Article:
Into That Forest Part 2

While Ernie waited with me, Mr Carsons went on board. He disappeared for half an hour and then came out onto the deck with the captain and pointed to me. The captain stared at me for a long while, like he were debating something with himself and then the two men shook hands. Mr Carsons joined us and we drove back to the hotel. Ernie took me up to the room while Mr Carsons went off to do something. Ernie cut me hair and said that me name was Harry. I shook me head. Me name were Hannah. Mr Carsons came back with some clothes he had buyed for me. They were boys' trousers and shirts and boots. They knew I didn't like shoes or boots, but they forced them on me. They had me walk round the room many times with fat Ernie miming how I should walk. I soon picked up that they wanted me to walk like a boy. They acted out for me how to walk tough. They were talking to me about something I didn't understand when Mr Carsons said to Ernie, Show Harry. With that Ernie pulled down his trousers. I almost fainted when I seen his huge privates under a ledge of fat. Then, without warning he pulled down my trousers. They looked at me quim and shook their heads. I didn't get it. They did it again, only this time they put their hands over their eyes and shook their heads. They clicked their tongues with irritation and Ernie pulled up my trousers again and pointed to his privates. I felt like a dog being taught a trick I didn't understand the reason for. Ernie pulled up his own trousers and then yanked down mine. They covered their eyes and shook their heads again. The penny dropped - they didn't want people to know I were a girl.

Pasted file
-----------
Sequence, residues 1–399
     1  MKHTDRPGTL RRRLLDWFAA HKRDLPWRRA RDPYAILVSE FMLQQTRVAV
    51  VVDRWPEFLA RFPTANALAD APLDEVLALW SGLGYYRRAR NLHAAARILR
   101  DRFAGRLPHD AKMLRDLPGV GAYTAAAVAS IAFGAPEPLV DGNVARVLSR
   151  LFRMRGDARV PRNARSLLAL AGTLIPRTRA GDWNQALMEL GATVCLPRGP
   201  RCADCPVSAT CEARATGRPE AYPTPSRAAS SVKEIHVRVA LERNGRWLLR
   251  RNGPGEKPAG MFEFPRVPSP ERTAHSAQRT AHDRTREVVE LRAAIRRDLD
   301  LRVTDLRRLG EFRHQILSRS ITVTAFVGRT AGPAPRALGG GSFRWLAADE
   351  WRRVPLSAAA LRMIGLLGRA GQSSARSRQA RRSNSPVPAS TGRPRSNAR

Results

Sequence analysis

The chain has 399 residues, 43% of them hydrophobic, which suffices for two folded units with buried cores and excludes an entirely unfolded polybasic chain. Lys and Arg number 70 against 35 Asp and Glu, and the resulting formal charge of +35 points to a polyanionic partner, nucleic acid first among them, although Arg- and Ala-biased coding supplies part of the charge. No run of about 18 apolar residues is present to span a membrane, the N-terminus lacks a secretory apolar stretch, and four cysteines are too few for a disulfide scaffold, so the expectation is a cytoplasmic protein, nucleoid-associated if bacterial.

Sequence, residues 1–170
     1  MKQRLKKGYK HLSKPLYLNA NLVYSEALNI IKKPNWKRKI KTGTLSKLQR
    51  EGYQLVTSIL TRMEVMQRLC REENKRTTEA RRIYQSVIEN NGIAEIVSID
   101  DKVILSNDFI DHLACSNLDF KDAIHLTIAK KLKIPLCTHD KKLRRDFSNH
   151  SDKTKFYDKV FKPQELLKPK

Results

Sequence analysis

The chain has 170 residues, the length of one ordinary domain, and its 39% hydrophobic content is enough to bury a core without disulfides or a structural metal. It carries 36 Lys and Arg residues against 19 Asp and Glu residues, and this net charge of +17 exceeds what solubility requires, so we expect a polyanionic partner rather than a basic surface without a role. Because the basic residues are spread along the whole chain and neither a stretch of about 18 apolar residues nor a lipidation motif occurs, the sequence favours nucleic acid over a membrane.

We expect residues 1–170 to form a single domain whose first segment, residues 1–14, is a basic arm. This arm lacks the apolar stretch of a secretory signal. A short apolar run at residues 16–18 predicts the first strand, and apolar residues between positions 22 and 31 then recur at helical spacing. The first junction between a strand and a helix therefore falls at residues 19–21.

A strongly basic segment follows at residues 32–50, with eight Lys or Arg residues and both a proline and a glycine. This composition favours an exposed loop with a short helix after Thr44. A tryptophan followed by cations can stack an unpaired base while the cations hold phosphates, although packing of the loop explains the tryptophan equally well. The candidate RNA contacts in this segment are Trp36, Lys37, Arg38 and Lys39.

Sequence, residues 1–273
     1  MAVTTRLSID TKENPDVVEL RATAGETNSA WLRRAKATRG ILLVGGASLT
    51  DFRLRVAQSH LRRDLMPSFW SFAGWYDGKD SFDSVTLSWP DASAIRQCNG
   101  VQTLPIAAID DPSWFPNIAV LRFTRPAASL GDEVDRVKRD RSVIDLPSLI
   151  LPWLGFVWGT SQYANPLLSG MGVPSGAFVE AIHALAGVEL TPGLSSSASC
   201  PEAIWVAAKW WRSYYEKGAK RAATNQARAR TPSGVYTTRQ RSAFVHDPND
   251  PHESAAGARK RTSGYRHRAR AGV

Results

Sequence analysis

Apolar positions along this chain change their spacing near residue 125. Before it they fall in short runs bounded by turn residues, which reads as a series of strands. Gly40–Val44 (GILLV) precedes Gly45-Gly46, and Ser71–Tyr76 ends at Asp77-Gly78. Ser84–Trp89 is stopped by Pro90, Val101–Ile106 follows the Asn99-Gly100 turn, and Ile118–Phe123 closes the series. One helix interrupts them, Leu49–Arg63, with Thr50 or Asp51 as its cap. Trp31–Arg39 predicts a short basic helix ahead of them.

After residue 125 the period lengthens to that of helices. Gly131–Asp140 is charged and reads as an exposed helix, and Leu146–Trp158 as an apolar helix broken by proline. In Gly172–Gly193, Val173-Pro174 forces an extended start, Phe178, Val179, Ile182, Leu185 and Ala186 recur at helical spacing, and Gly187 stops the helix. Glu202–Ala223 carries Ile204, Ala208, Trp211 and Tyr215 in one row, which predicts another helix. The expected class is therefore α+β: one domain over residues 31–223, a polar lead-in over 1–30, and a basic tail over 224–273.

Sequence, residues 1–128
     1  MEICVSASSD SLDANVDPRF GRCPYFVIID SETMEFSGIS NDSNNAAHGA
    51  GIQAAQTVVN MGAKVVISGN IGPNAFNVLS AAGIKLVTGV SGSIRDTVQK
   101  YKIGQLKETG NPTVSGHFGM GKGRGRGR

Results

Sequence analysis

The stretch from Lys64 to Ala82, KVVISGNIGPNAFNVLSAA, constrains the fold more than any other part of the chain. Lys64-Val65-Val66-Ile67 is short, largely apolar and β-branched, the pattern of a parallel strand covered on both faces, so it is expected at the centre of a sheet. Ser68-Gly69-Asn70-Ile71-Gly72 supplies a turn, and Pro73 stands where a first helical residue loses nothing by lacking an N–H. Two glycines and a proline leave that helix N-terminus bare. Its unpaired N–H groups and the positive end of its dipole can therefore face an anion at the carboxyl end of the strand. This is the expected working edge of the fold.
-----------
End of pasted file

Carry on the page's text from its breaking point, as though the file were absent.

They took me down to the ship as it were preparing to sail. Captain Lee were there to greet us. He shook me hand as if I were a boy and called me Harry. He said something about me father. It were obvious he had known him. Captain Lee had a grey beard and kindly eyes. Ernie told me to look at Mount Wellington and tell me what I seen. I told him I seen a stick with a piece of cloth on it on its very top. The captain were impressed cos me eyes were sharper, sharper he said than any eyes he knew. Mr Carsons led me up the gangplank onto the deck while the crew were hurrying back and forth loading the ship. Home, he said to me, This is your home now.

When I said, Me father? Becky? he said aye, that if I stayed on the ship I would find them both. I took his words for the truth. He ordered me to climb up the rigging to the topmast and onto the crow's nest. I were nimble like a native cat, I have to say. I crawled up the rigging and then on to a spot on the topgallant crosstrees. They seen I had a head for heights and me sharp eyes could see for miles past Hobart town, past the harbour into the haze of the horizon a long way away. Down below the three men staring up at me were just specks like three flies stuck to sticky paper, and I knew, as if my father were whispering in me heart, that this spot up in the clouds were to be part of me job. It was me keen eyes that Captain Lee wanted.

When I returned to the deck, Captain Lee and Ernie and Mr Carsons were grinning. I pointed to the sea and asked as best I could where Becky and me father were and Captain Lee said aye, they were out there and I would find them after a long time. I had no idea of what a long time meant so I were happy to hear it. Mr Carsons and Ernie shook me hand and left the ship.

We set sail a few hours later. Captain Lee had me sleep in his cabin on the floor under his desk. He showed me pictures of whales and told me what to do if I seen one. He said I were never to eat with the crew but only with him. He told me to s.h.i.t and p.i.s.s in the early hours of the morning when there were hardly any crew on deck. He were real fond of maps and liked to show them to me. He pointed out where the ship had been before and where there could be whales. He had me learn the names of oceans and islands we were going to next.